One of the most common questions I receive regards matching. Typically what happens is there is a loss on the premises that affects a portion of the roof, carpeting, flooring, siding, or other material, and the carrier wants to replace only the damaged section. This is acceptable if matching components can be found. However, it is not uncommon for that particular type of shingle or carpeting to be discontinued so an exact or even close match is unable to be made. 

Often the carrier wants only to replace the damaged section of roof or carpeting, while the insured wants to be restored to what he or she had before—namely, a matching roof or carpet. The carrier bases its argument on a few sections of policy language. The first is under Section I: Perils Insured Against, where the policy states that “we insure against direct physical loss.” The second part of language is under the loss-settlement section of the ISO homeowners’ policy, where it refers to “that part of the damaged building.” Certain carriers maintain that these two sections of language indicate that only the damaged portion needs to be replaced, thereby excluding any undamaged portions that would make the property match.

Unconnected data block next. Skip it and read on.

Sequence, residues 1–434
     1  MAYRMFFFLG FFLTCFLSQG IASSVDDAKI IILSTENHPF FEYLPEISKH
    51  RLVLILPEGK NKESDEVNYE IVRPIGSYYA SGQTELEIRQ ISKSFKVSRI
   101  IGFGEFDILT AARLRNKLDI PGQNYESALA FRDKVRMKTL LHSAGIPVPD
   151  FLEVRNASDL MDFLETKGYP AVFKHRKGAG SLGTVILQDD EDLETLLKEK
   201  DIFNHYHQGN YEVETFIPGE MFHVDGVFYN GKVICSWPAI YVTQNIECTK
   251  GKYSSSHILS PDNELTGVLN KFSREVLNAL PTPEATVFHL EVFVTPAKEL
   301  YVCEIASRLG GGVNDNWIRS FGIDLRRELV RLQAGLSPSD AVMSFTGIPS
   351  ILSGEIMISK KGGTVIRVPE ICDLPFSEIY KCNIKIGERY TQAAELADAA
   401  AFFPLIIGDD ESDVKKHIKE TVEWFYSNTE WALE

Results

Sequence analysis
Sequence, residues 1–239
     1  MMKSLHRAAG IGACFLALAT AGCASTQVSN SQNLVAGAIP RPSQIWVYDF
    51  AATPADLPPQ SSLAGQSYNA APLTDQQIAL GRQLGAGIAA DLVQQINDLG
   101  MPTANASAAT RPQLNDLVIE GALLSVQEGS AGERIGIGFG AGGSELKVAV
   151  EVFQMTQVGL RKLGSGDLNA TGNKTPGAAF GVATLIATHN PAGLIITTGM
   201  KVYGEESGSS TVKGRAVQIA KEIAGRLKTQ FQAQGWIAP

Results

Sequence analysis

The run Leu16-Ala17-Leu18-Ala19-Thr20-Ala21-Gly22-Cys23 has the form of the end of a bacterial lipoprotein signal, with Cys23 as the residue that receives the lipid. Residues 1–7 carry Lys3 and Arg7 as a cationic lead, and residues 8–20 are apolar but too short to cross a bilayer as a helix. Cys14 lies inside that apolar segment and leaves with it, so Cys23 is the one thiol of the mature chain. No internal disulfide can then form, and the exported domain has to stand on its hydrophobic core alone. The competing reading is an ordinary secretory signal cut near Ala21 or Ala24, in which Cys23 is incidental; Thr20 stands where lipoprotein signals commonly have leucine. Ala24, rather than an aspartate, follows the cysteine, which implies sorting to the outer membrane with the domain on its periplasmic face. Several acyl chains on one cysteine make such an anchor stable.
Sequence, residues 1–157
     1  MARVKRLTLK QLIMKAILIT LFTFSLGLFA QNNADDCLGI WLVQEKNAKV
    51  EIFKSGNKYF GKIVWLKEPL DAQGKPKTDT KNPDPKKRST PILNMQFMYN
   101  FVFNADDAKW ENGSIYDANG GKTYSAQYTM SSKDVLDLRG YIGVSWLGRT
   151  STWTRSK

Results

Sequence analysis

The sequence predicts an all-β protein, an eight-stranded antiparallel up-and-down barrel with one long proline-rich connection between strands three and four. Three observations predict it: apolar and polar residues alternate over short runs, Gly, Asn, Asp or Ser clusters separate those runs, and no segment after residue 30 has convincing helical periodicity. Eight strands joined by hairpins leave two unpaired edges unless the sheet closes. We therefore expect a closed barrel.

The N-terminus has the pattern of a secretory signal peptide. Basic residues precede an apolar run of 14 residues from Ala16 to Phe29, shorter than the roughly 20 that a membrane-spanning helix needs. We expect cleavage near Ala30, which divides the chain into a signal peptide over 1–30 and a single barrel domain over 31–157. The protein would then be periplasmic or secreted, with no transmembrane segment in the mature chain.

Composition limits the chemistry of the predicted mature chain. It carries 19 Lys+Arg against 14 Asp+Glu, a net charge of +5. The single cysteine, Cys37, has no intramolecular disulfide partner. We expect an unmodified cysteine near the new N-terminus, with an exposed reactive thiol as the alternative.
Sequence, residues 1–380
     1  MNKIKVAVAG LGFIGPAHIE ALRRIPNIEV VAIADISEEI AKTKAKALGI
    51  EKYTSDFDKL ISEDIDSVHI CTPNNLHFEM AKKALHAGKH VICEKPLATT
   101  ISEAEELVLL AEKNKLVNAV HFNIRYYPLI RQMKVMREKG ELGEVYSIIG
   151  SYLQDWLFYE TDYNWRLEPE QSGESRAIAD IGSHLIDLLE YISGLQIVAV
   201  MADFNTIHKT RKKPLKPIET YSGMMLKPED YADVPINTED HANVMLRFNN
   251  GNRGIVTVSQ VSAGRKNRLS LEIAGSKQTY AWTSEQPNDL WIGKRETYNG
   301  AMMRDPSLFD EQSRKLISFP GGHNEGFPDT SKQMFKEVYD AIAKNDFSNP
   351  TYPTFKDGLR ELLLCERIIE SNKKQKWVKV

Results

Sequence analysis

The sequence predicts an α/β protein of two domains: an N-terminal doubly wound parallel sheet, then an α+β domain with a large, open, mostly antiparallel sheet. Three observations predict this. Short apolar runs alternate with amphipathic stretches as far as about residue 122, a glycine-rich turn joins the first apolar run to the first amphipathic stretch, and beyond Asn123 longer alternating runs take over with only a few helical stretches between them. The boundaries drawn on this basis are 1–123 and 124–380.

Settlement OptionsAnother section of language in the loss-settlement options is where the policy pays the lesser amount of policy limits—either the amount actually spent to repair or replace the property, or the replacement cost of that part of the building damaged with material of like kind or quality. Again, carriers use this section to pay for only the damaged portion of the building. However, the like kind and quality statement does present an issue. For instance, if the type of shingles or carpet is no longer available, then it is impossible to replace just the damaged section with “like kind and quality.” 

None of these arguments comply with the principle of indemnity where the insured is restored to what he had before the loss. If the insured had a matching roof or carpeting before the loss, and after the loss the roof or carpeting is mismatched, then the insured is not properly indemnified. 


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